Millets boost growth of adolescent children: Study

Three-month-long study conducted in villages located around Bengaluru

December 19, 2019 01:15 am | Updated 01:15 am IST - HYDERABAD

The type of millet, its variety, how it is cooked and the foods it is combined with are some of the key elements that can make a difference in nutrition.

The type of millet, its variety, how it is cooked and the foods it is combined with are some of the key elements that can make a difference in nutrition.

Physical growth (height and weight) of adolescent children will be 50% more if they are given millet-based meals when compared to the growth recorded in children fed with fortified rice, according to a study conducted by International Crops Research Institute for the Semi-Arid Tropics (ICRISAT), Hyderabad, and Akshaya Patra Foundation, Bengaluru.

The three-month-long study was conducted in villages located around Bengaluru, whose findings were released by Prof Ramesh Chand, member of NITI Aayog, and Dr Ashok Dalwai, Chair of Empowered Body, Doubling Farmers’ Income, government of India, in New Delhi on Wednesday.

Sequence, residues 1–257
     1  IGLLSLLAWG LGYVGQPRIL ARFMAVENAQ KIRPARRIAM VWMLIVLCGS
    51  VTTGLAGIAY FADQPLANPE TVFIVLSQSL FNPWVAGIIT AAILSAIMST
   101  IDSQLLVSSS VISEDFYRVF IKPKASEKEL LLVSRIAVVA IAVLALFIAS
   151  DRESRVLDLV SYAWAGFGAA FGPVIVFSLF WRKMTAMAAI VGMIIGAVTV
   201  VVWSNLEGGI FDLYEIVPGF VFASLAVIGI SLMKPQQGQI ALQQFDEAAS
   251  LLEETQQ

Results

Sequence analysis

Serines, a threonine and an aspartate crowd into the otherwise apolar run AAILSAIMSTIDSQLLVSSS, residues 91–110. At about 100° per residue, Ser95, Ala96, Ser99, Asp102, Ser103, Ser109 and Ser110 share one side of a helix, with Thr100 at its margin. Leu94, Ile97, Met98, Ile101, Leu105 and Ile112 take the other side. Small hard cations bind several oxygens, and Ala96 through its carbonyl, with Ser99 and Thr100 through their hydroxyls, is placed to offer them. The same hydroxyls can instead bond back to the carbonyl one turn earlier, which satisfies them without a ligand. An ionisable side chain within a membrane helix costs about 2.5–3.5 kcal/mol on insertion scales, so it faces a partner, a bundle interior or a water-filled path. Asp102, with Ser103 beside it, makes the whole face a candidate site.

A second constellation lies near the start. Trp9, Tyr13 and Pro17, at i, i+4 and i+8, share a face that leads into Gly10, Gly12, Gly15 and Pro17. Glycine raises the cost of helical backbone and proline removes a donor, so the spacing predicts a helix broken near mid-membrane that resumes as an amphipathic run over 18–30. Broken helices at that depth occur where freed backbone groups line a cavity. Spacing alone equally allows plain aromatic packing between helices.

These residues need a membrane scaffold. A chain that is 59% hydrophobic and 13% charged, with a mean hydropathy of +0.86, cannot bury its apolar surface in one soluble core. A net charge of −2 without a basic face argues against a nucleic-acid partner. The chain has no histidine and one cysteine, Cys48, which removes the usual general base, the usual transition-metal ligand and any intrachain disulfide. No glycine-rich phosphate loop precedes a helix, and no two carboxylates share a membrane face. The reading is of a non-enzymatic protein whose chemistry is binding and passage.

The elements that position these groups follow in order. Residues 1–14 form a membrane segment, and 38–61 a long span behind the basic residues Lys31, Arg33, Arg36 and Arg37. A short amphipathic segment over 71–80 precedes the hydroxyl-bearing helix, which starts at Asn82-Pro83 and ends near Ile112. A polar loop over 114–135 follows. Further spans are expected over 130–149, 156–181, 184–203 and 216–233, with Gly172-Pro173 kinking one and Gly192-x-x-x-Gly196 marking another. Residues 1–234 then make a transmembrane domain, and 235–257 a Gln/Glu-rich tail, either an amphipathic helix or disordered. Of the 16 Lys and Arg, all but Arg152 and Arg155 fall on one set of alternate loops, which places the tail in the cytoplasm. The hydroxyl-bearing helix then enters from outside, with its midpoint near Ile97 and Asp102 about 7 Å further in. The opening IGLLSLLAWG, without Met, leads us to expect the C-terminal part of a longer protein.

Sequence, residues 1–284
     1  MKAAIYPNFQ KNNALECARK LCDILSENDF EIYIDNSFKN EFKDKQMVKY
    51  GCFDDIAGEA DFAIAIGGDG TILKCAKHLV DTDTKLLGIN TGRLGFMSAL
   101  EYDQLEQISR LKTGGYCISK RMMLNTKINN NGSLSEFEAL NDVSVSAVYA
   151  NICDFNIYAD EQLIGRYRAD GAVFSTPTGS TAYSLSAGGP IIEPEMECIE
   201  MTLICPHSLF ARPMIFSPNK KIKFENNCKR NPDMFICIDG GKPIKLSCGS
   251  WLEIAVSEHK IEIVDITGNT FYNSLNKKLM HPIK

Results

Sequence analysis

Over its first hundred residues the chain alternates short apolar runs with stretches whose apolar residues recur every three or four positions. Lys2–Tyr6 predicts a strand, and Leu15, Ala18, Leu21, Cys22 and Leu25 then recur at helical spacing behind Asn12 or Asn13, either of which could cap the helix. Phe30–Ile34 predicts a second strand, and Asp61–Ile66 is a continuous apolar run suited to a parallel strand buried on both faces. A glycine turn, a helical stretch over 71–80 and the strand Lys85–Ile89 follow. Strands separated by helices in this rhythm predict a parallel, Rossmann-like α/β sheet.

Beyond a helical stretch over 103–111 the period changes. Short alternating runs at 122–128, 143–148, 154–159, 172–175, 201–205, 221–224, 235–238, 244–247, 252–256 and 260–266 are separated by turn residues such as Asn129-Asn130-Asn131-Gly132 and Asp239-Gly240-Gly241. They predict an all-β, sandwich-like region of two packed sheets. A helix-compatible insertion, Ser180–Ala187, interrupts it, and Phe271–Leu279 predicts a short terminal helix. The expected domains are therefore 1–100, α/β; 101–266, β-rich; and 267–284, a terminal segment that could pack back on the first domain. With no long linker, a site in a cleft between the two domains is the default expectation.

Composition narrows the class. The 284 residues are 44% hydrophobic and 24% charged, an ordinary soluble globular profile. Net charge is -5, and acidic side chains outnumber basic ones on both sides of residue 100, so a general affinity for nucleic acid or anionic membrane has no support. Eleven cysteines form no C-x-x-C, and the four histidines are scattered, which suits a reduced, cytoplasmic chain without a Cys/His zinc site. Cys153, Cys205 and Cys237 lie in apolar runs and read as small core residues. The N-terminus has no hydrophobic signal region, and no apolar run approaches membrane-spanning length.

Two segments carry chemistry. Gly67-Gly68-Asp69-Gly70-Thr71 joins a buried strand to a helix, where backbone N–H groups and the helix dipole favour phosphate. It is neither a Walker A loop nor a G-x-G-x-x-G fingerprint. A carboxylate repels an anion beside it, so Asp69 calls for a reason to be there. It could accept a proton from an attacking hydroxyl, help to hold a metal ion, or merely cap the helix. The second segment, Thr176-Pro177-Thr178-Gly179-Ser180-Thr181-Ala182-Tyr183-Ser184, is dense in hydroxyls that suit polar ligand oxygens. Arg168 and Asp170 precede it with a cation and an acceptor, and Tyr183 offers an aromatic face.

The sample for the study includes 1,500 adolescents from two schools. They were served pearl millet (bajra), ragi (finger millet) or little millet (kutki), in the form of idli, khichdi, upma and bisibele bath. The study is titled ‘Acceptance and impact of millet based mid-day meal on nutritional status of adolescent school-going children in a peri-urban region of Karnataka State in India’.

Out of the 1,500 children, 136 were studied as the intervention group. Their growth was mapped before the study and three months after giving the millet meals. It was compared with growth of 107 children, from two other schools, who were served fortified rice. As per the results, the children who were consuming millet-based meals showed an average increase in height of 1.5% and average increase in weight of 5 % from the time of baseline (height and weight before study) measurement.

While on the other hand, rice-consuming control group showed an average increase in height of 1% and average increase in weight of 3% from baseline. When the percentage of growth of the two groups is considered, millet eating group recorded 50% higher growth relative to growth observed in rice eating group.

A nutritionist at ICRISAT, S Anitha said that the type of millet, its variety, how it is cooked and the foods it is combined with are some of the key elements that can make a difference in nutrition.

The study’s authors have called for policies that follow the lessons learnt on how to include millets into meals and to create a level playing field for the pricing and availability of millets.

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